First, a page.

I must confess that as a journalist and a citizen, I came too late to a full grappling of the scope of our global climate crisis.
Reporting on the news, I of course was aware of the issue bubbling forth in the distant horizons of the newscycle decades ago. But it was too easy to cover it as theoretical. Its epic and all-encompassing stature made it difficult for me to put it into adequate context. World wars I could somehow understand. I lived through one. I could even understand a Cold War that put all of Earth in peril. But the idea that somehow the accrual of the countless small actions of modern life - picking up groceries at the store, turning up the heat, buying furniture made overseas - could invisibly threaten the balance of the planet, was difficult to grasp. And even for journalists, the noise produced by those who “questioned the science” was disruptive and destructive.
That I have not been alone in my evolution on this issue does not provide me with much solace. That far too many others still do not see the ruinous urgency of this moment, fills me with sadness and dread. My journey on our precious planet is nearing an end, but I think of my children, my grandchildren, and the countless billions just starting life and those yet unborn. What kind of world will they inherit?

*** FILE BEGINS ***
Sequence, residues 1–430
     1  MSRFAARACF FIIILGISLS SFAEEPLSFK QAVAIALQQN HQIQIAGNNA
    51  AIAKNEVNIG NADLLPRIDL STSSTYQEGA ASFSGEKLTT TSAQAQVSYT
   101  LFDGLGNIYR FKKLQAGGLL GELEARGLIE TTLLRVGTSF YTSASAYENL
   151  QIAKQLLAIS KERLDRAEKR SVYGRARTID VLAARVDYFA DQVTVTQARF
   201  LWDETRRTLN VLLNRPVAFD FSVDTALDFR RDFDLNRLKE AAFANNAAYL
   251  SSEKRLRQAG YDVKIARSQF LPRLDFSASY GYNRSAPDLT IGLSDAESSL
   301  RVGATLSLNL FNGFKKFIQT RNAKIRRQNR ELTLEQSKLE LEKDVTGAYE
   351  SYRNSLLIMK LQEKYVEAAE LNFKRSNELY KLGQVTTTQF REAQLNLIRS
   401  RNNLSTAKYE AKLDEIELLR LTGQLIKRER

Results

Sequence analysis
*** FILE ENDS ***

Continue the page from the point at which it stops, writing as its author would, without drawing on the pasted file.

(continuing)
These thoughts are never far below the surface, and they can rush forth with great power at the slightest provocation. But what we are seeing now in the United States Senate, specifically the actions of Joe Manchin who is insisting that powerful provisions meant to heal our dependence on dirty fossil fuels be stripped from the reconciliation bill, is not merely an act of denial. It is a line in the sand that will soon be wiped away by rising seas - both literal and figurative.